Is long-term beta-blocker therapy for myocardial infarction survivors still relevant in the era of primary percutaneous coronary intervention?

Yacov Shacham*, Eran Leshem-Rubinow, Arie Roth

*Corresponding author for this work

Research output: Contribution to journalReview articlepeer-review

Abstract

Studies on trials conducted before the use of thrombolysis demonstrated both short- and long-term benefits of beta-blockers, and one meta-analysis of those trials showed a 25% reduction in 1 year mortality. Treatment with beta-blockers was and continues to be recommended for patients after ST elevation myocardial infarction (STEMI), but many patients failed to receive these agents mostly because physicians were unconvinced of their benefit. A similar analysis of the studies in STEMI patients treated with thrombolysis also showed an overall 23% reduction in mortality associated with β-blocker use in the era of primary percutaneous coronary intervention (PCI). In the present review, we examine the relationship between the pharmacology of β-blockers and their potential utility in order to review early trials on their post-infarct efficacy and to place these findings in the context of this specific patient population in the era of primary PCI.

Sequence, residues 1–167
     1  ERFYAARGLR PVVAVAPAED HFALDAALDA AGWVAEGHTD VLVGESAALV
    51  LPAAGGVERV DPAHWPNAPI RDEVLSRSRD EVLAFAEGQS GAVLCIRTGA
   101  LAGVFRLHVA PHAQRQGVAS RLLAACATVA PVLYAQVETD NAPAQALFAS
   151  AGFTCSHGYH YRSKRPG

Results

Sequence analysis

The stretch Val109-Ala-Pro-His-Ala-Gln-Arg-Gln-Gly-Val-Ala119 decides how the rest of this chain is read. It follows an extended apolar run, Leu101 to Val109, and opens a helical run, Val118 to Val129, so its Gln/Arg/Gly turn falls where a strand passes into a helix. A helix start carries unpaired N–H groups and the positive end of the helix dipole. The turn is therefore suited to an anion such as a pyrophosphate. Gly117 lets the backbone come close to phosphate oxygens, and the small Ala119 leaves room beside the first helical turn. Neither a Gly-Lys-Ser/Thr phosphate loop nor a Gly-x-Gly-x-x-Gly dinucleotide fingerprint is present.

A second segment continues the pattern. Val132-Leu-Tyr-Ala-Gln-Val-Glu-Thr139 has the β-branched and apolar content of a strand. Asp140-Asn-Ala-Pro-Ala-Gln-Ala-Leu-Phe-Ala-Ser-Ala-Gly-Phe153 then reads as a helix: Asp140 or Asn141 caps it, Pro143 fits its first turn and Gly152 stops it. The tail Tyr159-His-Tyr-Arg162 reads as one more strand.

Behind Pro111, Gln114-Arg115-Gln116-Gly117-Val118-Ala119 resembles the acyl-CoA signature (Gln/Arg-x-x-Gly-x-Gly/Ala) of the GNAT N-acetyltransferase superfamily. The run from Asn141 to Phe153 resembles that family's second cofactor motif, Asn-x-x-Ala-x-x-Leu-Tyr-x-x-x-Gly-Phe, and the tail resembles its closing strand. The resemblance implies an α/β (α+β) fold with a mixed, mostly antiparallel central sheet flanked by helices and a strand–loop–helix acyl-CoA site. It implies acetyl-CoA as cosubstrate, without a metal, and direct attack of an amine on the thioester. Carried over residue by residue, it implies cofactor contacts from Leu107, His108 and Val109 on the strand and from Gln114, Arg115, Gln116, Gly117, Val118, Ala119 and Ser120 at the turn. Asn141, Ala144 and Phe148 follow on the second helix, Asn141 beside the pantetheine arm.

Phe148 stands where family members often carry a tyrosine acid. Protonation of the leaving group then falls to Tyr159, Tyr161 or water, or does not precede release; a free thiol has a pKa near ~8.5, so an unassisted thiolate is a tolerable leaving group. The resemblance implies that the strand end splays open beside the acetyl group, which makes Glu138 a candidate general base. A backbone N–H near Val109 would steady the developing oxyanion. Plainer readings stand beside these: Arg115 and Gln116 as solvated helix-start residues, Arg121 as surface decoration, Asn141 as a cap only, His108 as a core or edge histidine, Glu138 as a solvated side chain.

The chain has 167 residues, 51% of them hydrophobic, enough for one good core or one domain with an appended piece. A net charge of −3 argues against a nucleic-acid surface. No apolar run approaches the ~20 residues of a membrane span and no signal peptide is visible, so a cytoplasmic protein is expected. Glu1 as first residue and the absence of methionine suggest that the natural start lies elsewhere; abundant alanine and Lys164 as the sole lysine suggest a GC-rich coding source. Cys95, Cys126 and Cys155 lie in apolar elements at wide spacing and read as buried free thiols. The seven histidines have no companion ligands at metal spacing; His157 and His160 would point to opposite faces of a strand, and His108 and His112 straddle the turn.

Original languageEnglish
Pages (from-to)770-774
Number of pages5
JournalIsrael Medical Association Journal
Volume15
Issue number12
StatePublished - Dec 2013

Keywords

  • Acute myocardial infarction (AMI)
  • Beta-blockers
  • Ischemia
  • Primary percutaneous coronary intervention (PCI)
  • Reperfusion

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